New luciferase vectors for studying signal transduction pathways
Li Xu Tim Sanchez Chao-Feng Zheng
Stratagene Cloning Systems, Inc.
Enhancer elements are the convergent points for many intracellular signal transduction pathways. For simple, rapid and convenient assessment of the in vivo activation of these pathways, Stratagene has designed the PathDetect in vivo signal transduction pathway cis-reporting systems. Each of the cis-reporter plasmids contains the luciferase reporter gene driven by a basic promoter element (TATA box) joined to tandem repeats of AP-1, CRE, SRE, NF-kB or SRF binding elements. When a plasmid expressing the gene of interest is cotransfected into mammalian cells with a cis-reporter plasmid, increased luciferase activity indicates transcription activation. The PathDetect cis-reporting systems can be used for studying the in vivo effects of a new gene, growth factor or drug candidate on signaling pathways. The effects of extracellular stimuli can also be studied with these systems.
Extracellular signals trigger the sequential activation of a series of intracellular signaling molecules, such as protein kinases and phosphatases.1,2 The final step in the activation of many pathways is the binding of an activated transcription factor to specific enhancer elements found in the promoters of various cellular genes. This binding modulates transcription of these genes. The transcription level of cellular genes reflects the activation status of the involved signaling events. Transcription and expression levels are typically monitored by Northern and Western blotting. To determine the activation of the promoter, and hence signaling events, we have designed vectors that use a reporter gene in place of the cellular gene. The reporter gene encodes the firefly luciferase enzyme that can be monitored ea sily, inexpensively and quantitatively. Reporter enzyme assays replace tedious blotting procedures and are widely used due to their convenience, sensitivity and ability to generate reliable in vivo data.3
Each of the PathDetect in vivo signal transduction pathway cis-reporting systems includes one of five cis- reporter plasmids and a positive control plasmid. Positive control plasmids express gene products known to activate the signaling pathway converging at the corresponding enhancer elements. The five reporter plasmids (figure 1) of the PathDetect cis-reporting systems contain tandem repeats of one of the following enhancer elements: cyclic AMP response element (CRE), serum response element (SRE), nuclear factor kB (NF-kB), activator protein 1 (AP-1) or serum response factor (SRF). Together with a TATA box, these enhancer elements control the expression of the luciferase reporter gene located downstream.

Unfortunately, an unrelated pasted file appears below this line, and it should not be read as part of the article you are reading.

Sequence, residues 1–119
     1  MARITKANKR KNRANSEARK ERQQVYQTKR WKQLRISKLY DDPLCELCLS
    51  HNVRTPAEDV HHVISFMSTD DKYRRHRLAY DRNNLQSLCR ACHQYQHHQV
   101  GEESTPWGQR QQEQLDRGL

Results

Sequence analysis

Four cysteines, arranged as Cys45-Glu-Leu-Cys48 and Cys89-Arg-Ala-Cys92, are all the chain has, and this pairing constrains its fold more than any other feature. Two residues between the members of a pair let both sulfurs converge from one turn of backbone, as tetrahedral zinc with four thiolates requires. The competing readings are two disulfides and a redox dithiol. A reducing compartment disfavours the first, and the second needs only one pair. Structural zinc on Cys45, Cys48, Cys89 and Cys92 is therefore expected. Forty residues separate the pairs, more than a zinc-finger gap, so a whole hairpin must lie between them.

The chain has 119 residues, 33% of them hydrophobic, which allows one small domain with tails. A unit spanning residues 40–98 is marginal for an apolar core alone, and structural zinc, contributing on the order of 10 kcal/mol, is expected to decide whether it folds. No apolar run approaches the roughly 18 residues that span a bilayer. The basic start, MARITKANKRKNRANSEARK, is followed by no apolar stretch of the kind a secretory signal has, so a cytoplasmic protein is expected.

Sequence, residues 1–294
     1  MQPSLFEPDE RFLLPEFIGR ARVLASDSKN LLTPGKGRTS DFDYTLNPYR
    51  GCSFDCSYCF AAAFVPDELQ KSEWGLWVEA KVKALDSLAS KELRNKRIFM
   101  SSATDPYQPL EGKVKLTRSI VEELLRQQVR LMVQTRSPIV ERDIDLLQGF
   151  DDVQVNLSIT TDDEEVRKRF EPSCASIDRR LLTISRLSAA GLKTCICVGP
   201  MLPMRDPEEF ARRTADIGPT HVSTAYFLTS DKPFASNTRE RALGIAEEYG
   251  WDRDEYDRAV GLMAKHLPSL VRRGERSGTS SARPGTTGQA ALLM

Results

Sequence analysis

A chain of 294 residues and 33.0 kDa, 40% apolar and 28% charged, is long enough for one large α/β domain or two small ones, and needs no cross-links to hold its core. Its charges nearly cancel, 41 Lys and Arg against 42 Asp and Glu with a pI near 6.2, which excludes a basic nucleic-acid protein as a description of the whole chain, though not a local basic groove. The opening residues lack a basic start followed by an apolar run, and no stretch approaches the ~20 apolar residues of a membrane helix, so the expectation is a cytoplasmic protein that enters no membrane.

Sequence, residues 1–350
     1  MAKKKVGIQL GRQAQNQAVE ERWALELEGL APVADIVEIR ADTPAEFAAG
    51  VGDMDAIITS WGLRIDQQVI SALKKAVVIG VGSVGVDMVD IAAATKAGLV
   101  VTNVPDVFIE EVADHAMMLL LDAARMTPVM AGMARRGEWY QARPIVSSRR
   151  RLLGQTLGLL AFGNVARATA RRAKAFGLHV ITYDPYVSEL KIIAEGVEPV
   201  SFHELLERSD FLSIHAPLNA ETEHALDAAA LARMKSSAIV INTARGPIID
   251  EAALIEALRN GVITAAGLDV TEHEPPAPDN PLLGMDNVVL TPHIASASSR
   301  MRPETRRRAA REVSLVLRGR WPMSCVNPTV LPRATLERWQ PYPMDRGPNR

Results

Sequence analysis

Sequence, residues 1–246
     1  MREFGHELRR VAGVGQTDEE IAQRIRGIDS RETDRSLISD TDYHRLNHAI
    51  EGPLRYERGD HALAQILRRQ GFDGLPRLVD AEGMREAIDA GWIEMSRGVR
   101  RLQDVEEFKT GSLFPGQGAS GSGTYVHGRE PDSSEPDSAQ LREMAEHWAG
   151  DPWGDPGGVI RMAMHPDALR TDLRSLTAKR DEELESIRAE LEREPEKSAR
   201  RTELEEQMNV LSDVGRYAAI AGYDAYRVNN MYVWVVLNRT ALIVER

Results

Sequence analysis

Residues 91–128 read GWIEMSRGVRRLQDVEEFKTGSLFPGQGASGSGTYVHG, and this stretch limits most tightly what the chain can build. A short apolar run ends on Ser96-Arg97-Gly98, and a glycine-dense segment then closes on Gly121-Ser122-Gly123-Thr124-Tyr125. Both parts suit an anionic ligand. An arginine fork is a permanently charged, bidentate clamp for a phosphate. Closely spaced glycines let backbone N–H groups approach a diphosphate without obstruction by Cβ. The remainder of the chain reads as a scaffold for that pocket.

Since most enhancer elements can be regulated by more than one transcription activator, each enhancer element can be used to monitor more than one signal transduction pathway. When a plasmid expressing a gene of interest is cotransfected into mammalian cells along with one of these cis-reporter plasmids, increased luciferase activity indicates transcription activation. The PathDetect cis-reporting systems are useful tools for assessing the potential involvement of a gene product in a pathway. For more specific assessment, the PathDetect trans-reporting systems can be used.4
To test the performance of these plasmids (figure 2), we cotransfected each of the individual reporter plasmids into HeLa cells together with an expression vector of a known activator, either MEK kinase (MEKK) or the catalytic subunit of cAMP-dependent protein kinase (PKA). The empty vector without an insert was used as a negative control.5,6 The overexpression of both MEKK and PKA stimulated luciferase expression from pAP1-Luc and pSRE-Luc plasmids. However, pCRE-Luc responded only to PKA and pNFkB-Luc only to MEKK. These results are consistent with previous reports that both MEKK and PKA are capable of activating the expression of genes containing SRE and AP-1 or NF-kB binding elements in their promoter, while the CRE element found in somatostatin promoter is very specific to PKA.7,8-12 MEKK, a protein kinase known to activate the stress signaling pathways and the MAP kinase pathway, also activates signaling molecules converging at NF-kB, as measured with pNFkB-Luc.
As true for all transfection experiments, conditions must be optimized to achieve high activation levels. The variables to consider include the choice of cell line, transfection method and protocol. In addition, the amounts of reporter vector and expression vector encoding the gene of interest must be optimized.
Stratagenes PathDetect cis-reporter plasmids were constructed for studying the in vivo activation of signal transd uction pathways. These vectors contain the luciferase reporter gene driven by a basic promoter element (TATA box) joined to tandem repeats of CRE, SRE, AP-1, NF-kB or SRF binding elements. When a cis-reporter plasmid and an experimental mammalian expression construct are cotransfected into mammalian cells, increased luciferase activity indicates transcription activation and the involvement of the gene product in signaling pathways converging at these cis-acting elements. The PathDetect in vivo signal transduction pathway cis- reporting systems can be used for studying the in vivo effects of a new gene, growth factor or drug candidate. When more specific assessment of a gene product is desired, the PathDetect trans-reporting systems can be used.
Karin, M., and Hunter, T. (1995) Curr. Biol. 5: 747-757.
Treisman, R. (1996) Curr. Opin. Cell Biol. 8: 205-215.
Wood, K.V. (1995) Curr. Opin. Biotechnol. 5: 50-58.
Xu, L., and Zheng, C.-F. (1997) Strategies 10:1-3.
Lange-Carter, C., et al. (1993) Science 260: 315-319.
Uhler, M.D., et al. (1986) Proc. Natl. Acad. Sci. USA 83: 1300-1304.
Galang, C.K., et al. (1994) Oncogene 9: 2913-2921.